Given the choice and no need to stay on the happy side of UCI regulations I would always say go for fatter tyres at lower pressures, on or off-road, and critically for loaded touring. But if you are constricted by startline rules or the physical limitations of your frame, the Cholla Pro is a sensibly priced high-performance choice for blasting about in the seriously mucky stuff.
An excellent, cost-effective choice for fast, flat-free off-roading, particularly if frame clearance is an issue
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road.cc test report
Make and model: Kenda Cholla Pro
Size tested: 700 x 33
Tell us what the product is for, and who it's aimed at. What do the manufacturers say about it? How does that compare to your own feelings about it?
It's for people with narrower frames or who need to stay inside race rules.
Kenda says: "Drawing on the natural design of the hooked barbs of the cholla cactus, we designed a tread pattern with hooks and barbs that will dig into the ground for maximum traction. Need a tire for when conditions get slick and slippery? The Cholla has got your back.
Two different options of dual-density compounds let you choose the right tire for the slippiest conditions.
The Cholla's unique tread design generates plenty of grip.
Tubeless ready – Saves weight and provides a better rolling performance. Riding tubeless also means riding flat free."
Tell us some more about the technical aspects of the product?
DUAL TREAD COMPOUND (DTC)
The original dual tread rubber compound for Kenda. A hard long lasting and fast rolling rubber (60sA) comprises the center of the tread area, while a softer-tackier should rubber (50sA) completes this binary compound for the versatility of speed and grip off road. Found typically on cross country, all-mountain and cyclocross tires.
The super soft CX-DTC version of the Cholla is ideal for cyclocross races where the ground has deep mud and when the temperatures are close to freezing.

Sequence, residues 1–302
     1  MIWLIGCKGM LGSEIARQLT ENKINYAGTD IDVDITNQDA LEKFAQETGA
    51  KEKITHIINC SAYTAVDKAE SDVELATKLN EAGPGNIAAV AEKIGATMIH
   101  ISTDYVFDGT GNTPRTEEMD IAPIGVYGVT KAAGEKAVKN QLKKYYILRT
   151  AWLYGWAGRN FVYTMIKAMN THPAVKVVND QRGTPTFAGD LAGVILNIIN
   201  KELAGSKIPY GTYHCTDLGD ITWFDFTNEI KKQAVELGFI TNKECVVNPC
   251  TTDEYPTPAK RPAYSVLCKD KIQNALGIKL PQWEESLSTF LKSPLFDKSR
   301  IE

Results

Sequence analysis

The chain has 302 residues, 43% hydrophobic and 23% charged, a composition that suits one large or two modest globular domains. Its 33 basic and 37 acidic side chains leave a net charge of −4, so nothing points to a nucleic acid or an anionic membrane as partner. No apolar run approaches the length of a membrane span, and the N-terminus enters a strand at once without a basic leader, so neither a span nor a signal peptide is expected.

Still looks like new, a month in.
Overall, for a tubeless, supple race-performance-oriented tyre it's cracking value.
Tell us how the product performed overall when used for its designed purpose
Can't fault it off-road; bit slow on the hard stuff.
Tell us what you particularly liked about the product
The grip. Grippy as a grippy thing with a good grip.
Tell us what you particularly disliked about the product
The relative-to-the-modern-market narrow width – but it's that wide for a reason.
Did you enjoy using the product? Yes
Would you consider buying the product? Yes
Would you recommend the product to a friend? Yes
Use this box to explain your score
The Cholla Pro is an excellent tyre at a middling price; if it were under £35 it'd get another half-star.
About the tester
I usually ride: Merida Ride 5000 Disc My best bike is:
I've been riding for: Over 20 years I ride: A few times a week I would class myself as: Expert
I regularly do the following types of riding: cyclo-cross, club rides, general fitness riding, mountain biking, Dutch bike pootling
Living in the Highlands, Mike is constantly finding innovative and usually cold/wet ways to accelerate the degradation of cycling kit. At his happiest in a warm workshop holding an anodised tool of high repute, Mike's been taking bikes apart and (mostly) putting them back together for forty years. With a day job in global IT (he's not completely sure what that means either) and having run a boutique cycle service business on the side for a decade, bikes are his escape into the practical and life-changing for his customers.